To help you get the most out of your trip, we have put together our top 10 hints and tips to travelling the globe on a budget. Here’s how you can get your money to stretch that bit further.
For this post we’re assuming that you’re backpacking across the globe and as such are laden with ground sheets, sleeping bags and one of those super-duper micro-tents. Generally camping is seen as less than glamorous (excluding the ‘Glamping’ revolution) but the traditional method will save you money on your accommodation needs. Simply Google a camp-site, reserve a pitch (if it’s peak season, you’ll have too) or just rock-up, get pitching and then head-off to the camp fire, roast a marshmallow or two and get singing, you know the drill.
2. “If you’re ever in the neighbourhood…?”
Remember when that tenuous friend of yours, you know the one – the friend of a friend of a friend – he said “…yeah and if you’re ever in the area you should drop in on us, we’ve got a sofa, blah, blah, blah” and then he mistakenly gave you his real address and telephone number. Well, now’s the time! Maybe your tent collapsed? Maybe the site was full? Maybe you just don’t fancy camping…well, now’s the time to smile, hug and start the reminiscing!
3. Sleep en-route – save money on accommodation by travelling while you nap. Don’t Stop.
Right, so far the tent’s broken and the reminiscing didn’t work…no matter, there’s always the night bus or the sleeper cabin on the train. If you’re done with whatever city you’re in, get a ticket and travel to your next destination over-night. The transport is usually cheaper; you’ll have a bed for the evening and make good use of your time too.
4. Purchase your food from the supermarkets – never in a restaurant
You want to get far and see lots, don’t you? Well, avoid the quaint cafes and the restaurants (no matter how low the star ratings might be) and make a bee-line for your nearest Lidl/Aldi equivalent. It doesn’t matter what it says on the packaging (most of the time), a photo of pineapples on a can or oranges on a carton will serve you well in choosing your meal of the day or days.
5. Drink water – reusable/refillable bottle
Many European and South American cities still have water fountains. The frugal traveller will remember that after he or she has over-paid for that first bottle of Evian to keep the bottle. Re-fil as and when is required and try to forget that it’s not mountain spring soaked natural goodness and is in fact perfectly fine regurgitated tap-water. For those with a swanky cantina a Britta filter or similar could be handy.
6. FREE days and beautiful FREE activities – parks/mountains, museums, etc.
Chances are you knew a little about where you were headed before you arrived and as such have planned what you really want to see. The problem is, the Eiffel Tower costs, the Coliseum costs and that wobbly Tower in Pisa…that costs too. However…some tourist sights have FREE Days. Not all, but if you can spare a few Euros and go online at an internet café (remember that you’re saving money here and didn’t bring your UK mobile – to avoid those roaming charges) you can Google when they’re open and free.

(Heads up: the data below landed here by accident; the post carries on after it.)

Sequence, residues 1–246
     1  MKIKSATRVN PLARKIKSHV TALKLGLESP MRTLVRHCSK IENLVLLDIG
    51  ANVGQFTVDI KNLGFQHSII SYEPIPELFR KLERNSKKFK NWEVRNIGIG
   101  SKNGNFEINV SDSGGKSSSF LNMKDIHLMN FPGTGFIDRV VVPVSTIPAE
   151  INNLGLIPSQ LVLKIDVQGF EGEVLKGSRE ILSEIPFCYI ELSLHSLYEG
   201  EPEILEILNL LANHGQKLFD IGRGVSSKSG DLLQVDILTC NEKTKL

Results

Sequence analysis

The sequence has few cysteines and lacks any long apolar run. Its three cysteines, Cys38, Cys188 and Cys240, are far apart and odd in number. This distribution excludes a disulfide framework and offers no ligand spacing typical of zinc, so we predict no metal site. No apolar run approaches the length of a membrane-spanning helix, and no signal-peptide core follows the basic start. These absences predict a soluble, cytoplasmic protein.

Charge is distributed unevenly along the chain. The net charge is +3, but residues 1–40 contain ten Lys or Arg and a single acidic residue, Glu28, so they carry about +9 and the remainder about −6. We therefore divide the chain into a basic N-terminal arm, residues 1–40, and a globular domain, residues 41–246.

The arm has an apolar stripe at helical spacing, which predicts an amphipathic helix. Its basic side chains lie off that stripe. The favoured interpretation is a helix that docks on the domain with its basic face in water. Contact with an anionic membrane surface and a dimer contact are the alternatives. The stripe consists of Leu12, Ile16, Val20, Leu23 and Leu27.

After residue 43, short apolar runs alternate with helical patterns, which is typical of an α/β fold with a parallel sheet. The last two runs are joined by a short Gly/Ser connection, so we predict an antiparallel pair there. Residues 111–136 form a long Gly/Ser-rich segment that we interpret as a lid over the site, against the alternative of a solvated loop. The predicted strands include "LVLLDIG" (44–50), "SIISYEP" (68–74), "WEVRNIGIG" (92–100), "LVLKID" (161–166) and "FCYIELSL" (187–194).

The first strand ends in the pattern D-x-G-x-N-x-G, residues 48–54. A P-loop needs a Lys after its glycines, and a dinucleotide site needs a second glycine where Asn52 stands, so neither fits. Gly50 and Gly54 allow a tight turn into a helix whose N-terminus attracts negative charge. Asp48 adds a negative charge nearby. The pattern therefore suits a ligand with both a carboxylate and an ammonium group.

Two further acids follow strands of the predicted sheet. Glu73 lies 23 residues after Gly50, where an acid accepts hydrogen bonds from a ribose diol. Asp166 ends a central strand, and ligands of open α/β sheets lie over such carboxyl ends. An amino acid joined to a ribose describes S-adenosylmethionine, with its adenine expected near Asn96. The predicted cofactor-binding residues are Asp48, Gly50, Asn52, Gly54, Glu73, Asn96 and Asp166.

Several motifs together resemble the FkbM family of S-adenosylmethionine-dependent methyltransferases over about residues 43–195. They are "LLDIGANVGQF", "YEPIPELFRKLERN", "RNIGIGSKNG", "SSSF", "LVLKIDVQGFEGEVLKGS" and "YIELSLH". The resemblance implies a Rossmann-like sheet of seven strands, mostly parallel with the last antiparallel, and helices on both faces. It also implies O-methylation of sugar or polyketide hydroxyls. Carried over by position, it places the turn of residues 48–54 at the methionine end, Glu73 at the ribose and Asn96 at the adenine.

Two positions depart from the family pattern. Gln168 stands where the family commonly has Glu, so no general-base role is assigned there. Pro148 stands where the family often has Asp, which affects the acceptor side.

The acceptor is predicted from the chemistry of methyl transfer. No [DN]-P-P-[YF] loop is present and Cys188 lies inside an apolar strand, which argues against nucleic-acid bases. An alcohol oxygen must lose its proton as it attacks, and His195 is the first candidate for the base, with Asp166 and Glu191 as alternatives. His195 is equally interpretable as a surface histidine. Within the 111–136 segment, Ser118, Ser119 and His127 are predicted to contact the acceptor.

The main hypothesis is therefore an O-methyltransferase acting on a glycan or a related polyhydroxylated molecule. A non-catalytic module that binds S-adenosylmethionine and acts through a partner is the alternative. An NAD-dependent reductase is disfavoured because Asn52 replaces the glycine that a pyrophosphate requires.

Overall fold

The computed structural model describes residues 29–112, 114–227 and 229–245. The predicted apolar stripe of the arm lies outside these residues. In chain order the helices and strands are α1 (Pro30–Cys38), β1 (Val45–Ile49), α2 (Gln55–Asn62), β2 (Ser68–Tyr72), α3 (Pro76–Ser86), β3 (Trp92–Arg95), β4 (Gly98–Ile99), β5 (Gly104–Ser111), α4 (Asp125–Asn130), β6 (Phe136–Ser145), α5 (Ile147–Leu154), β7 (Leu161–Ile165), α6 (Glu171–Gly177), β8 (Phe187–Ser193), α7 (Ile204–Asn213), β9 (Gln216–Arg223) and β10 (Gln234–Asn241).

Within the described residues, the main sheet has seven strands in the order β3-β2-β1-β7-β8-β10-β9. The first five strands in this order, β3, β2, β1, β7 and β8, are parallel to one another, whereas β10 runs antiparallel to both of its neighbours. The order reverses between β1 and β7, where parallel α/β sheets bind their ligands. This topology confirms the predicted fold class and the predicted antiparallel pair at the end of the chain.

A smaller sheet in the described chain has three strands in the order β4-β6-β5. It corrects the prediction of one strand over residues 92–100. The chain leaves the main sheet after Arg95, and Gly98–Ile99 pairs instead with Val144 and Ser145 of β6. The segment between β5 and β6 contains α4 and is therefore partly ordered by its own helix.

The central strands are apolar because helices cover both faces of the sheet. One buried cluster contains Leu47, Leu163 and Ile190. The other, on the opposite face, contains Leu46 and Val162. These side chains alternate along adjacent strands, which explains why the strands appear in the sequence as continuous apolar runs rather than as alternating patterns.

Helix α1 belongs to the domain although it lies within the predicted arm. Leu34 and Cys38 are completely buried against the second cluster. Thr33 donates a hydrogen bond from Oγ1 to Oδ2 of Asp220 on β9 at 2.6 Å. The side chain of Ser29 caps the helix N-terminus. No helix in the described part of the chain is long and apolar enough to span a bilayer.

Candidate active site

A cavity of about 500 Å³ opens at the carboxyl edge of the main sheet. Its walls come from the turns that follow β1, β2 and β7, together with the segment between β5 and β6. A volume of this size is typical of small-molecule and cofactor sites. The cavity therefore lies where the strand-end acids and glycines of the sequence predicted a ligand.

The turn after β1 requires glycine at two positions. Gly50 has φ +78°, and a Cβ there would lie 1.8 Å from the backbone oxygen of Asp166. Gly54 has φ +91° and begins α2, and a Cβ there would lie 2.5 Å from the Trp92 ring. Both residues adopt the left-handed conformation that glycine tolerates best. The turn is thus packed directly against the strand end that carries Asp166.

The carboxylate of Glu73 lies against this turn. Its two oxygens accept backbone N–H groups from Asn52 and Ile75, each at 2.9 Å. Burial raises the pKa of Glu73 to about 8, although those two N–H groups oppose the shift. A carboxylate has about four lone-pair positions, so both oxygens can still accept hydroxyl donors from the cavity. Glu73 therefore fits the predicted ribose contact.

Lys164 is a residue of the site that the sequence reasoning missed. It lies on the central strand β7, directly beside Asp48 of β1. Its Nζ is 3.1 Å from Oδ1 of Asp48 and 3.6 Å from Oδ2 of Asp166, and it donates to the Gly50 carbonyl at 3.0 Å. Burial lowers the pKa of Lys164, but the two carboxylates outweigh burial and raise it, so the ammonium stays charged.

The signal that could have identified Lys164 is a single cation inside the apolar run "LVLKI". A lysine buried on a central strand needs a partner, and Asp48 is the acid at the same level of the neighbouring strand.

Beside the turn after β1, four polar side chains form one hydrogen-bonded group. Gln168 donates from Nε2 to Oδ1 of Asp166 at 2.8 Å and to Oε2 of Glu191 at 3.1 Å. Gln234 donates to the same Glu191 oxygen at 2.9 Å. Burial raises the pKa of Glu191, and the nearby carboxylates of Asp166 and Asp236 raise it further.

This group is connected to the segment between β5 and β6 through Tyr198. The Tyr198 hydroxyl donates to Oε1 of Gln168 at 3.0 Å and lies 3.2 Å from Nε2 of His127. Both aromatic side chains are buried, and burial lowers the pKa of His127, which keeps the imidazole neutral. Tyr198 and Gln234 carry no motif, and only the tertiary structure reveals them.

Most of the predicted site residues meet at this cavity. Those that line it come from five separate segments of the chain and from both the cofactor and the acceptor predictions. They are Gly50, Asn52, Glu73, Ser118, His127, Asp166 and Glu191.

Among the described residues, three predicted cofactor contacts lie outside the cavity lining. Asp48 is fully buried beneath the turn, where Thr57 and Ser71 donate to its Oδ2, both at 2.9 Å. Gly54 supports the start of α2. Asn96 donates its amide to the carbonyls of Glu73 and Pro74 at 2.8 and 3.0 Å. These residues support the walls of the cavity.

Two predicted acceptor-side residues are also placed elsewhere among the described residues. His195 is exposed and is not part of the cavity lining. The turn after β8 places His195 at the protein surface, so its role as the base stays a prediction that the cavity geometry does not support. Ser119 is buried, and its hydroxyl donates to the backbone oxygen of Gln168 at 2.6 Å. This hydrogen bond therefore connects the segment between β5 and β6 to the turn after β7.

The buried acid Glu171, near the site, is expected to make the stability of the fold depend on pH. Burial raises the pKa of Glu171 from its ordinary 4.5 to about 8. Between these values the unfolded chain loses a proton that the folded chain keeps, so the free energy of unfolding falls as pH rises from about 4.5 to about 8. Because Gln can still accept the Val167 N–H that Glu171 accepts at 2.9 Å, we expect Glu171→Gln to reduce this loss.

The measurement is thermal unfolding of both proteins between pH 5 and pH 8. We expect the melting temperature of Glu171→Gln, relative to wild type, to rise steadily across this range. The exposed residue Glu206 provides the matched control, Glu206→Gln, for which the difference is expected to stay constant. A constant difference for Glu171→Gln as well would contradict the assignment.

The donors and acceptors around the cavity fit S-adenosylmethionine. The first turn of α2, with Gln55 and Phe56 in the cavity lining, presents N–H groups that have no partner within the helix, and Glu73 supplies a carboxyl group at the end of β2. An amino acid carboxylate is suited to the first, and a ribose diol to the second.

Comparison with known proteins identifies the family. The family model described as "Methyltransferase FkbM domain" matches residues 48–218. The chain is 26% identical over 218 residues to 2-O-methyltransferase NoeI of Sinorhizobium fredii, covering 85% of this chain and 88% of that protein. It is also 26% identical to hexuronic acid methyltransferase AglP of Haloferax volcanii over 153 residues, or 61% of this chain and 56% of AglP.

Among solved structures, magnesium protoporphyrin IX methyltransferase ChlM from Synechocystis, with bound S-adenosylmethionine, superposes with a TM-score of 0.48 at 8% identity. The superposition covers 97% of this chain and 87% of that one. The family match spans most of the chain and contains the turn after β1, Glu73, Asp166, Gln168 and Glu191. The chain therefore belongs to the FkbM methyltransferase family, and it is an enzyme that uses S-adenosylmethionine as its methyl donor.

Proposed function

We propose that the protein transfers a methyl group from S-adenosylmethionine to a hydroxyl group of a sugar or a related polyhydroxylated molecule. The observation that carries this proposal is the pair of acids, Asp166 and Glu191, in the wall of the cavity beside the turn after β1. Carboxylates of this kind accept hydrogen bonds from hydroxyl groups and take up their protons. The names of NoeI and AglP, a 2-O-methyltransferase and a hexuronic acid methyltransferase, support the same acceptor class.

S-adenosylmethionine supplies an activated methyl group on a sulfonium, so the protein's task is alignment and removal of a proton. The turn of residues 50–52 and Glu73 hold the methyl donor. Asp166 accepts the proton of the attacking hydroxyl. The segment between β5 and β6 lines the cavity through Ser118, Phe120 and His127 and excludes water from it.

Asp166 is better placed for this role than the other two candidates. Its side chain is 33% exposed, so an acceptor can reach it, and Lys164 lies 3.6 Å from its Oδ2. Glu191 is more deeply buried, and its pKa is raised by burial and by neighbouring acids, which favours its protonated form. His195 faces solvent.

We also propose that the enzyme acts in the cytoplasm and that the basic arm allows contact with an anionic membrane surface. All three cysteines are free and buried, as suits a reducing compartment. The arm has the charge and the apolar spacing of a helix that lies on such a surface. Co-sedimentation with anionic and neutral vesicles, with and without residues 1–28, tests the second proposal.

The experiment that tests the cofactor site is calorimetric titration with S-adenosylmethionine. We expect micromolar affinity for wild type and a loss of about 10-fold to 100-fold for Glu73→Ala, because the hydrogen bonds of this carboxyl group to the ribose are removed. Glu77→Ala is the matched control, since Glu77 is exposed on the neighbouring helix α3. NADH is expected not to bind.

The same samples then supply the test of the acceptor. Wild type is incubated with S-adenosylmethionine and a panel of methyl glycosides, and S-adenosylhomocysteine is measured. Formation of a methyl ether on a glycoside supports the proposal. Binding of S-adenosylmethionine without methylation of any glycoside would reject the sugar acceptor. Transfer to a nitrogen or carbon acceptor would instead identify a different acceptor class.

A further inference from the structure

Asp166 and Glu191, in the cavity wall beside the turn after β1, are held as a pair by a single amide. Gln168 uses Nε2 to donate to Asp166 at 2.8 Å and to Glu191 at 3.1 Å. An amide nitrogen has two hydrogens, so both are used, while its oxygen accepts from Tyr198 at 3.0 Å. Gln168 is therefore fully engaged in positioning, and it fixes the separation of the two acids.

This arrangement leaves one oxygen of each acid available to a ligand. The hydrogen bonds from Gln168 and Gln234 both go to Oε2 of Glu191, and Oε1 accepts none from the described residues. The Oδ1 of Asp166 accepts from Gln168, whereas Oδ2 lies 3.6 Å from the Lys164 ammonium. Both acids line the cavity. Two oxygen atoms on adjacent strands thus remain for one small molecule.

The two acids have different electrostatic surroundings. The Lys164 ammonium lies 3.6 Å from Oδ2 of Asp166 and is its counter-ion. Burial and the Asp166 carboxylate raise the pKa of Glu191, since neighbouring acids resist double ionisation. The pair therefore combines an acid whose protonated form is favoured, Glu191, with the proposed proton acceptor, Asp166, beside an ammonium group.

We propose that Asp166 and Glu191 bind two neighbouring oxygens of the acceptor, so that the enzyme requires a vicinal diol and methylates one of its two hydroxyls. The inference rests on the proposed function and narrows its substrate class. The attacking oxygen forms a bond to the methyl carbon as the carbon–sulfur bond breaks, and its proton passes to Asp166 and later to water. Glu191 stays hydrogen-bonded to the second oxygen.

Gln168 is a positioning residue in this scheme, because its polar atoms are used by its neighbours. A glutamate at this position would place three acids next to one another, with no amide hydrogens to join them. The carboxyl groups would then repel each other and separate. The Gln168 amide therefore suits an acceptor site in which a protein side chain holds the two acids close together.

7. Track your spending and budget
OK, maybe you did bring your mobile. You’re Generation Z and can’t be without your mobile device after all. So, you downloaded your free apps before you left home and now your phone is loaded with helpful hint and tip programs and the occasional vibrantly coloured game. Use your budget tracking app or whatever it’s called. Each day add your spend and keep a close eye. Over-spending can mean the difference between travelling to another country or heading home early and back to work…no one wants that.
8. Ask for more – they can only say “No”
Some cultures provide free snacks - in Spain its Tapas. Order a drink, imbibe slowly and eat your way through a mountain of tasty, tiny treats…more often than not with olives. Referring back to your travel apps, this is one way to keep your spending low. If they run-out and you’re still hungry and you’ve been contemplating that last slurp of the local beer for an hour, don’t worry, the annoyed bartender can only say “No”.
9. Never change money at the airport
We may be biased here, but changing money
at the airport is a mistake! The rates are around 15% worse and often there’s a rather unwanted commission charge. Order the cash online or ask for it to be delivered. It’s easy and quick and when you’re busy testing that new tent prior to your journey, time is valuable.
10. GET Travel Insurance
It’s not expensive and could save you a bundle! For a moderately low charge, you can insure that all you personal belongings (including that new tablet you got for Christmas) are protected against theft and damage, you can rest assured that if you hurt yourself, you’ll be taken care of and if your holiday is cut short for any other reason, your insurer will do their very best to help. All for a few pounds…that’s a good deal.